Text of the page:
The experience of aesthetics is what some in philosophy refer to as a basic reason for action. It is basic because it needs no further explanation, which contrasts with instrumental actions that are done only to accomplish some other goal, not for their own sake. People spend time, money, and energy to make themselves and their personal spaces (including offices) look a certain way that appeals to them. Moreover, people travel, sometimes around the world, to see and experience places and artifacts that, through the testimony and pictures of others, they believe will be worth the effort because of the aesthetic experience, which can also be paired with other reasons, like adventure or education.

Aesthetics can be easy to define if you only want an overview, but as you try to get more in depth, it can become blurry rather quickly. But we could offer a flexible working definition: Aesthetics consists of the qualities of perceptual objects that people encounter in their experience, and how those objects affect the person who experiences them. With a tentative definition like this, it becomes apparent why beauty and art rose to the top, because they are obvious instances of the kinds of things that demand an affective response. And they are likely exemplary when it comes to artifacts (art) and qualities (beauty). But for too long, we have allowed them to dominate our approach to and understanding of aesthetics, which permeates other objects (natural and human-made) and a more diverse array of qualities.

The two parts that comprise this working definition of aesthetics—objects and qualities—are broader than we often think. By objects, we first include anything made up of matter: inanimate things, animals, people, and spaces (not natural and artifactual). In the current digital age, we can also consider digital objects as things that can be experienced aesthetically. By qualities, we include prominent qualities, like beauty, but also other qualities like gracefulness, daintiness, and harmony. But aesthetic qualities can also be negative as we think about deformity, ugliness, and disgust. To sum up, the aesthetic consists of objects (broadly speaking) that possess qualities which we can experience; these qualities affect us and can positively support our well-being (or hinder it).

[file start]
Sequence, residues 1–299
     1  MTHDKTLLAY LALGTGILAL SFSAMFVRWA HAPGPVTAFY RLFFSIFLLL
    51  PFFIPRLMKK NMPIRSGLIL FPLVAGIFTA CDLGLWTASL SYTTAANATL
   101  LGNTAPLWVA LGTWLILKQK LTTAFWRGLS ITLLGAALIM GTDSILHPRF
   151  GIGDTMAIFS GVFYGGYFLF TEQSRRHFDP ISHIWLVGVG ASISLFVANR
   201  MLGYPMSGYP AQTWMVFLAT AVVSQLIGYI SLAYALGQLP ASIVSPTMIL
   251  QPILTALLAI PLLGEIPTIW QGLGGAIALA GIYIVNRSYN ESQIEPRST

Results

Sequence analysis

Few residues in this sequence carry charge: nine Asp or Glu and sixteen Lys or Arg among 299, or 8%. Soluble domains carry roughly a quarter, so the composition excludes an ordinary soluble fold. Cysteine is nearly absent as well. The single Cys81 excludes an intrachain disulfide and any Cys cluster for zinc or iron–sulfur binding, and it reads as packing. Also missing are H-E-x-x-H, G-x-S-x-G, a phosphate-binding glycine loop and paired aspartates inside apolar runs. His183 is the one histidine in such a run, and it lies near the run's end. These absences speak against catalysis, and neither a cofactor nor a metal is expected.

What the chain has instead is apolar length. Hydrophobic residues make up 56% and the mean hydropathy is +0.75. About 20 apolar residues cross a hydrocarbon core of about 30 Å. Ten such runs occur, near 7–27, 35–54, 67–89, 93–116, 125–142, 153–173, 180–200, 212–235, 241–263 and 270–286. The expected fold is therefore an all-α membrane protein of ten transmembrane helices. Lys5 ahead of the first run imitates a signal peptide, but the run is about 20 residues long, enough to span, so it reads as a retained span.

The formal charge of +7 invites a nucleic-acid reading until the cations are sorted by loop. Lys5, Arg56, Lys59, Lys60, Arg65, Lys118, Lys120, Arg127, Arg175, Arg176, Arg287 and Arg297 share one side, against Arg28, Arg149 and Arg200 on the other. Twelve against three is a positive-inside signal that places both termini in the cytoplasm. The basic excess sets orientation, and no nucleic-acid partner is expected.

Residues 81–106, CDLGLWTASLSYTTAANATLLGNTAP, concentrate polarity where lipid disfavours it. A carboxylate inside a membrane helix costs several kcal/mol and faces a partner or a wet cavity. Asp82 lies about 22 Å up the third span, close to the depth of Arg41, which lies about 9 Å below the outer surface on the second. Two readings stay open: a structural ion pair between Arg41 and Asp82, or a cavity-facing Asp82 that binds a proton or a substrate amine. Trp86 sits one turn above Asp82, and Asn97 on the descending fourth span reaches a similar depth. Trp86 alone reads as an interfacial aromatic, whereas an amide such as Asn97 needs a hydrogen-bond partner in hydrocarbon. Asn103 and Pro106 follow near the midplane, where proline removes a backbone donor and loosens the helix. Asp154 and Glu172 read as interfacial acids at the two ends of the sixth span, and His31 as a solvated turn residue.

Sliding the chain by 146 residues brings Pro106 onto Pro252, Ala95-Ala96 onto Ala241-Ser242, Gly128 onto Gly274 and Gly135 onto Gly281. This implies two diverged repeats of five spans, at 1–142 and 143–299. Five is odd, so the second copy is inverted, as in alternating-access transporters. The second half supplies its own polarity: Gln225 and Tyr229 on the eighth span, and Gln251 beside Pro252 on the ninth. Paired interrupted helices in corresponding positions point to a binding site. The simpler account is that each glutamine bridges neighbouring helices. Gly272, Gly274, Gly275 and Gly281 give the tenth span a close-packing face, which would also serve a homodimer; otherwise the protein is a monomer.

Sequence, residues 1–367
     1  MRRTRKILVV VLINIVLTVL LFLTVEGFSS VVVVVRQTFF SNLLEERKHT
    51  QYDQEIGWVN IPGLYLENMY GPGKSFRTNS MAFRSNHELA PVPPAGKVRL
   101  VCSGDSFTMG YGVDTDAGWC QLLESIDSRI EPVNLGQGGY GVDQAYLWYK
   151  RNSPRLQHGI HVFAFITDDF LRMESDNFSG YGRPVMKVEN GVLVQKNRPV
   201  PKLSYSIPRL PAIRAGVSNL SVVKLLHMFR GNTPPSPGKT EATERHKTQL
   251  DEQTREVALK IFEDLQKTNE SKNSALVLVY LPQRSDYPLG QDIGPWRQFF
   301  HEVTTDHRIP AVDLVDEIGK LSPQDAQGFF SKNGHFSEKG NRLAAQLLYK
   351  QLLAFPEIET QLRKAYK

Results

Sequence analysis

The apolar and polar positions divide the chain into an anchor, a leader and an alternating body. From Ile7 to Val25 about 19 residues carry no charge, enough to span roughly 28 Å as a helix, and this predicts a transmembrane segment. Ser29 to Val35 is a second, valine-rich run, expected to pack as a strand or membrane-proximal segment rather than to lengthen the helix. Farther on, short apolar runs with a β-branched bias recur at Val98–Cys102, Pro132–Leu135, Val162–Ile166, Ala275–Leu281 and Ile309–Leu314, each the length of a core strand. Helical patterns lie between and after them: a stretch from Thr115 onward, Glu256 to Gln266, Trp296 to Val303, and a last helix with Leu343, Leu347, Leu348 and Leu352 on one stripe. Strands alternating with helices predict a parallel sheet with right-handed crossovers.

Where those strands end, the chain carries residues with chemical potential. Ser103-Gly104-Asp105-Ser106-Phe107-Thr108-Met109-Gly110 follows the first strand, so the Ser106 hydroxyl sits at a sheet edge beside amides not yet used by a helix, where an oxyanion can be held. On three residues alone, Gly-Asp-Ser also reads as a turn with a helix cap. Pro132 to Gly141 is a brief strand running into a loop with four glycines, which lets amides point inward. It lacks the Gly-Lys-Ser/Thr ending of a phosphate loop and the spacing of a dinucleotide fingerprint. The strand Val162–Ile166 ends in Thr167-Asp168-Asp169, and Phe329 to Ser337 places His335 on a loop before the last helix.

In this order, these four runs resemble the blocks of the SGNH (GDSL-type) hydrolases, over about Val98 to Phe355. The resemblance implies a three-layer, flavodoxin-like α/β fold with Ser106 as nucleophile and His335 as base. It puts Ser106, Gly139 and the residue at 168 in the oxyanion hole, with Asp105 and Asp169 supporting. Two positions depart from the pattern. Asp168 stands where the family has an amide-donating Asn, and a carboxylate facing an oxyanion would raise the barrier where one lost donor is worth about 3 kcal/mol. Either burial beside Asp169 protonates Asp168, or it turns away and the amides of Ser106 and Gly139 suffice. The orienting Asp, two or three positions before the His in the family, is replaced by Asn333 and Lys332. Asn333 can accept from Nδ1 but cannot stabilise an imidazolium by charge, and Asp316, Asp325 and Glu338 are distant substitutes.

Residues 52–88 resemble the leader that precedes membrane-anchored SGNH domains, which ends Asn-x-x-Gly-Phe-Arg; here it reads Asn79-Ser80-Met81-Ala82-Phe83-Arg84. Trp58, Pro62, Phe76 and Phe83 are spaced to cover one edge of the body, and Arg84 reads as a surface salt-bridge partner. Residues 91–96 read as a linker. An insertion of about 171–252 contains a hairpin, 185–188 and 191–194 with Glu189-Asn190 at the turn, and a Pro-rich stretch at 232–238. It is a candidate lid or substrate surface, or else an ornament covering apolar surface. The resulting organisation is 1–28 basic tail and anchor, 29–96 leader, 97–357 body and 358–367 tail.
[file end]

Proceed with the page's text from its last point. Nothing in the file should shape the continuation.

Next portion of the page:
The attempt to define aesthetics always feels a bit abstract, since it’s difficult to detach the concept of aesthetics from tangible things and experiences. As stated above, we tend to talk mostly about art, and then sometimes about nature. Because of this, it has become easier to dissociate aesthetics from aspects of our daily lives. But aesthetics, to provide other examples, impacts business (from products to offices to organization); aesthetics impacts issues (like climate change and prison reform); and aesthetics impacts science (such as the way information is presented). These represent only a smattering of contexts, but it is important to cultivate a habit of noticing aesthetics to begin to see the pervasiveness in the world.

Despite it being an integral aspect of our humanity, aesthetics is often neglected in part (or wholly) in many important contexts. When considering projects, people frequently consider aesthetics as an afterthought, after all the “important” functions are considered. When thinking of business, the financial aspects overshadow considerations of aesthetics. When trying to resolve issues, efficiency and technology frequently take center stage. These are important considerations, but aesthetics, as something fundamental, needs to be added into these contexts and conversations to enhance the work that is being done.